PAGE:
During July 1991, over 30 "White" Cossack organizations conducted a krug in Moscow. Sponsors for the krug included the Cossacks in Moscow Countrymen Chapter, the Rostov Dolomanovskaya Cossack stanitsa, the Cherkassy region of the Don Host, the Siberian Host, Kuban Host and Yenisey Host. The krug resurrected the Union of Cossack Hosts of Russia (SVRK), which had been abolished by the Bolsheviks.36
Figure 2 - Cossack Groupings in the Former Soviet Empire 1992
Cossack Groupings in the Former Soviet Empire 1992

Cossack communities and hosts began to appear all across the former Soviet Union (Figure 2). By 1992, they occupied a belt stretching across the width of the land mass of the former Soviet Empire, and, ominously, across borders of newly independent republics. It became readily apparent that the Cossack movement was concerned with reclamation of Cossack lands, establishment of Cossack self-government and protection of Russians who suddenly found themselves living in newly independent republics as "strangers and outsiders". Cossacks took over local government or established parallel organs of power to that of local government, including courts.37 Accepted, but by no means all-inclusive, hallmarks of the Cossack movement are Cossack land ownership; maintenance of Cossack military forces; Cossack self-rule; preferential tax treatment for Cossacks based on their military readiness and agrarian/production role; and Orthodoxy.38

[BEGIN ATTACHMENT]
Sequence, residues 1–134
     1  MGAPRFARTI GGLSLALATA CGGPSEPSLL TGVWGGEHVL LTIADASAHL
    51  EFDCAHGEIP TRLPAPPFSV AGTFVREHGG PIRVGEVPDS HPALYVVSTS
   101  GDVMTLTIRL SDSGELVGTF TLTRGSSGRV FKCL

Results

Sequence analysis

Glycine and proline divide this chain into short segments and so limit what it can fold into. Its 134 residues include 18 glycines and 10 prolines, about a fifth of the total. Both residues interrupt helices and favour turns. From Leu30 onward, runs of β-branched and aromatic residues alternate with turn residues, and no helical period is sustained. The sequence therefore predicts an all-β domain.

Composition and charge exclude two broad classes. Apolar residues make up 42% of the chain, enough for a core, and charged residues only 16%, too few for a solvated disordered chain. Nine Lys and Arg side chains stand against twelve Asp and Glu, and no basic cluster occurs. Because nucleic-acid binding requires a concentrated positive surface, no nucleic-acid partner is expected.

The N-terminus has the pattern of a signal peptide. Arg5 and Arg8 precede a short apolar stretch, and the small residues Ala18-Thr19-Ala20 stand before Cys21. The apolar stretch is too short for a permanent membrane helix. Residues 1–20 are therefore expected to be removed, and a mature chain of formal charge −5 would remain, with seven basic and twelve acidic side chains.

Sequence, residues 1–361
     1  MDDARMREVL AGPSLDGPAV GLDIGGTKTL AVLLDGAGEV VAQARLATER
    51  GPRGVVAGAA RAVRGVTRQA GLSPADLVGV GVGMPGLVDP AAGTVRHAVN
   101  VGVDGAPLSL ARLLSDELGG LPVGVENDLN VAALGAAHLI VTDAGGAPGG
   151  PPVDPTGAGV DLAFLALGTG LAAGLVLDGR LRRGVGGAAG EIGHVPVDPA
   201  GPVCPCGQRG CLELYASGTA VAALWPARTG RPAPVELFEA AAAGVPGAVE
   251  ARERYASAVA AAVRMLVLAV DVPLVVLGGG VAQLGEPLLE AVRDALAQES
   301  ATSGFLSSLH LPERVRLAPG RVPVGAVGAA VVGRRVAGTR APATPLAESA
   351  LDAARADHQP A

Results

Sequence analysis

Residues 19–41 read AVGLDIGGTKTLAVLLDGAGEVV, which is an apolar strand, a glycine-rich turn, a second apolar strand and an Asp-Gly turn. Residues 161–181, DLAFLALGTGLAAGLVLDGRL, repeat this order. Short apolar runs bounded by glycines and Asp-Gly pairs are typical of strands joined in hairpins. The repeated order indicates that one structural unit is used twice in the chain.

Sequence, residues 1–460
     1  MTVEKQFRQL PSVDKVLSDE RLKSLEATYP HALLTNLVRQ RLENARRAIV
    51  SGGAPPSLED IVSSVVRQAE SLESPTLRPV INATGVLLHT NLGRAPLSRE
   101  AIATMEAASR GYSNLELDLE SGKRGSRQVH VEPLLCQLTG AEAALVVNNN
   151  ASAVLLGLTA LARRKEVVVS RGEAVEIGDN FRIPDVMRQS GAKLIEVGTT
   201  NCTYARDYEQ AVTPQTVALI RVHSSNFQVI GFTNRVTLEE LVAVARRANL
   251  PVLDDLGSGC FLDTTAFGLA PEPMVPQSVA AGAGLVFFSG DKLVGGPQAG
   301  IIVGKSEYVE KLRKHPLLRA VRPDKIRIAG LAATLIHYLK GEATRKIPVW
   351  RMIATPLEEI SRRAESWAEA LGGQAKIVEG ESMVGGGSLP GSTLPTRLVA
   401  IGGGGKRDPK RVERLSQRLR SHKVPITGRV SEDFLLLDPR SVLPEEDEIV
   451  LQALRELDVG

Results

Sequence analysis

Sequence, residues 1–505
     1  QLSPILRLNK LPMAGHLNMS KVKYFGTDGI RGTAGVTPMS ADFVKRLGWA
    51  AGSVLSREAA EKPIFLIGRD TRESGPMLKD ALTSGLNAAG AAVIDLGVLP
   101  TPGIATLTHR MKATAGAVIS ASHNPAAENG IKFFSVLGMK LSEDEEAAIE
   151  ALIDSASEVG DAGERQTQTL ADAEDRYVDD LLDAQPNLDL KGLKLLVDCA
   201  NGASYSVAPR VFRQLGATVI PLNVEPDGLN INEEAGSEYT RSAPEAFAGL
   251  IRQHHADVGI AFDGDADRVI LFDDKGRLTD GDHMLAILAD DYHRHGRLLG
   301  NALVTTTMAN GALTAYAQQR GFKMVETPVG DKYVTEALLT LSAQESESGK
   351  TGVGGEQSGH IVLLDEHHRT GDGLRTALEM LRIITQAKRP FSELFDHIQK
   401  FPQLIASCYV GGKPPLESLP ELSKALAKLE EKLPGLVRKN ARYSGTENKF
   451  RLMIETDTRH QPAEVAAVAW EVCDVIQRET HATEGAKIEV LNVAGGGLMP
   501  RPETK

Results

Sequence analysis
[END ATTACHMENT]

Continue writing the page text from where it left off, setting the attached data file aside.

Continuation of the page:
Although the Cossack movement shares many goals, it is hardly monolithic. Instead, the Cossacks mirror the political picture of contemporary Russia. Russia is not a two-party democracy. Some of the parties now struggling for power are descendants of the parties which vied for power during the Civil War. Reds (bolsheviks), Blacks (anarchists), Greens (populists), Browns (fascists), Whites (monarchists and conservative nationalists) and Blues (national democrats) are among the political players. Alliances, such as the Red-Browns and the Black-Greens, are common. While the atamans may reflect a certain political inclination, the member Cossacks may have very different convictions.39 There is a major feud between Reds and Whites. Independent, regional associations, such as the Union of Cossack Republics and the Cossacks of Southern Russia have formed. The Kuban Cossacks have resurrected and combined two Civil-War era political parties, the Greens and the Anarchists, into the Anarcho-Green Cossack Union.40 Yet, despite the multiple factions, Cossacks form a powerful political element in Russia, Ukraine, Kazakhstan, Moldova, Armenia and Georgia. They represent a potential organized, coherent polity which can rapidly generate popular support or discontent within their geographic areas. They have a recognized leadership which clearly states their political demands. The hosts also carry a popular appeal to ethnic Russians, who see Cossacks as far more willing to defend their interests than the Russian government.